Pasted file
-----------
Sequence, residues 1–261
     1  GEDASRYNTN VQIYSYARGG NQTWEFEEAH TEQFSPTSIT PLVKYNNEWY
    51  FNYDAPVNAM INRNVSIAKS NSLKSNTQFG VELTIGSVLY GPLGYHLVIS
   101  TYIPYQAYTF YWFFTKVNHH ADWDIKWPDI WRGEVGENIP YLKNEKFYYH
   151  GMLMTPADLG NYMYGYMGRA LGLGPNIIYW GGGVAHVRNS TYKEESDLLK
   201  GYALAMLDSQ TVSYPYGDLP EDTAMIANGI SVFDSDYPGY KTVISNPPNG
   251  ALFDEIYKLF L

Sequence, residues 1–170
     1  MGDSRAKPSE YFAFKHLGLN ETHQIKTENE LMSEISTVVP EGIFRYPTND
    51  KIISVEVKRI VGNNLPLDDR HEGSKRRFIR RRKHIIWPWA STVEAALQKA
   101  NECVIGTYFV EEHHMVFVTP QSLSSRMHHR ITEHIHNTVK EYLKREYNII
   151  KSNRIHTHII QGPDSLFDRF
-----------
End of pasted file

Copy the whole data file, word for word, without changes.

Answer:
Sequence, residues 1–261
     1  GEDASRYNTN VQIYSYARGG NQTWEFEEAH TEQFSPTSIT PLVKYNNEWY
    51  FNYDAPVNAM INRNVSIAKS NSLKSNTQFG VELTIGSVLY GPLGYHLVIS
   101  TYIPYQAYTF YWFFTKVNHH ADWDIKWPDI WRGEVGENIP YLKNEKFYYH
   151  GMLMTPADLG NYMYGYMGRA LGLGPNIIYW GGGVAHVRNS TYKEESDLLK
   201  GYALAMLDSQ TVSYPYGDLP EDTAMIANGI SVFDSDYPGY KTVISNPPNG
   251  ALFDEIYKLF L

Sequence, residues 1–170
     1  MGDSRAKPSE YFAFKHLGLN ETHQIKTENE LMSEISTVVP EGIFRYPTND
    51  KIISVEVKRI VGNNLPLDDR HEGSKRRFIR RRKHIIWPWA STVEAALQKA
   101  NECVIGTYFV EEHHMVFVTP QSLSSRMHHR ITEHIHNTVK EYLKREYNII
   151  KSNRIHTHII QGPDSLFDRF